CHARLESTON — The statewide Catholic Diocese of Charleston broke ground this week on a three-building campus in West Ashley that will become the new center of its administrative and pastoral work.
The $17.5 million center at a quiet end of Orange Grove Road will include a 175-seat chapel, a three-story office building and a high-tech conference center. The conference center will include teleconferencing abilities and be able to accommodate nearly 200 people for meetings and retreats.
The Pastoral Center is scheduled to open around Christmas 2014.
“A lot of beautiful, powerful things will happen because of what we’re doing here,” said Bishop Robert E. Guglielmone, who blessed the land with its expansive marsh view and mature trees set in a quiet residential area.
The diocese includes 95 parishes and nearly 200,000 Catholics across South Carolina, including those who worship at St. Anne and St. Mary in Rock Hill, St. Philip Neri in Fort Mill, All Saints in Lake Wylie, Divine Saviour in York, St. Joseph in Chester, St. Catherine in Lancaster, Our Lady of Grace Mission in Indian Land and St. Michael Mission in Great Falls.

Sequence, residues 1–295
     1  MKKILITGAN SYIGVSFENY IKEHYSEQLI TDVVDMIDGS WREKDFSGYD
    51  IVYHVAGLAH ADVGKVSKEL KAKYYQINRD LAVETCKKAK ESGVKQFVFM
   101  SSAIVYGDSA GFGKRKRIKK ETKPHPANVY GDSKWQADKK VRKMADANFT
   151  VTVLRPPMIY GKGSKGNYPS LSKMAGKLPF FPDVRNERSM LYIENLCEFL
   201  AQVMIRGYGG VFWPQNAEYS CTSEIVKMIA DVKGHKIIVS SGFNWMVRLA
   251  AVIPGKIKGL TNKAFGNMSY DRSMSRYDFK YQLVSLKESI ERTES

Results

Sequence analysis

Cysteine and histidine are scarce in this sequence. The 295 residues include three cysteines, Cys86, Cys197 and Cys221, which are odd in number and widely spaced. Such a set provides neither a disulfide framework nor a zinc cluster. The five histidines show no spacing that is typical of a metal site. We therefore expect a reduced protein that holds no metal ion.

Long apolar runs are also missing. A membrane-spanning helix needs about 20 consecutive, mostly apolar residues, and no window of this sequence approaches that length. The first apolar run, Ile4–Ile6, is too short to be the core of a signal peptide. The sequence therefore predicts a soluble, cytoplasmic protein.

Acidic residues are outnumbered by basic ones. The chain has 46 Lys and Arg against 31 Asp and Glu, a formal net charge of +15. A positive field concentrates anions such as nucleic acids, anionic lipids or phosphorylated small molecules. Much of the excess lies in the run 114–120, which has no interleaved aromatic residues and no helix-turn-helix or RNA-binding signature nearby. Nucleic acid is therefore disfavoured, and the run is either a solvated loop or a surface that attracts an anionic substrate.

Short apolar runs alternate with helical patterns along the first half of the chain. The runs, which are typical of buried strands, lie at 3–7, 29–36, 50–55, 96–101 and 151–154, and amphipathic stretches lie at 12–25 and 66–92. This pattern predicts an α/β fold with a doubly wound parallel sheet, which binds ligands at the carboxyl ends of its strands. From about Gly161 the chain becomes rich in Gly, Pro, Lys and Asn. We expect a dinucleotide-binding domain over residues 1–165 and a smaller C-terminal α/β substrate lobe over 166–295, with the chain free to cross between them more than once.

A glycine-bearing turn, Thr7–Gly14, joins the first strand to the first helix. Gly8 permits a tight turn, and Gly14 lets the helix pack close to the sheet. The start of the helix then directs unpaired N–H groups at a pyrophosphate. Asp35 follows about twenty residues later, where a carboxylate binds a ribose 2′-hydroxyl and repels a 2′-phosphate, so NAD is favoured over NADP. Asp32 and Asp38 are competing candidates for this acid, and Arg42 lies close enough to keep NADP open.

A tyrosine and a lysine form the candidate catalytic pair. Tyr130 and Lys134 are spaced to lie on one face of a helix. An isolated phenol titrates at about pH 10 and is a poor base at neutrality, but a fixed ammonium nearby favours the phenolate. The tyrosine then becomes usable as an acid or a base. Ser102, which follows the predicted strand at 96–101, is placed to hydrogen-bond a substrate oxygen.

In August 2012, diocesan officials bought the 26.5-acre property, which includes nearly 22 acres of marsh. Orange tape marked the outline of the three buildings, which will be set on the remaining acres.
The diocese is working with an arborist to ensure the preservation of the site’s trees and wetlands, officials said.
Centralizing offices and other functions on one campus will help the statewide diocese better communicate with and serve its clergy, staff and growing ranks of parishioners, Guglielmone added.
Diocesan staff now work in six different buildings throughout the area, including the diocesan Chancery near the Cathedral of St. John the Baptist on Broad Street. The diocese will sell the Chancery building, most likely in 2015, to help fund the new center, along with selling several other properties and taking out a loan, Guglielmone said.
“We are doing wonderful things, but we are fragmented,” he said. “It is important that people be together, share a cup of coffee and meet with each other in their offices.”
This marks the first time the growing diocese has constructed new administrative and pastoral facilities.
“Historically, this is a first,” Guglielmone said. “We’re building it because we have to meet the needs.”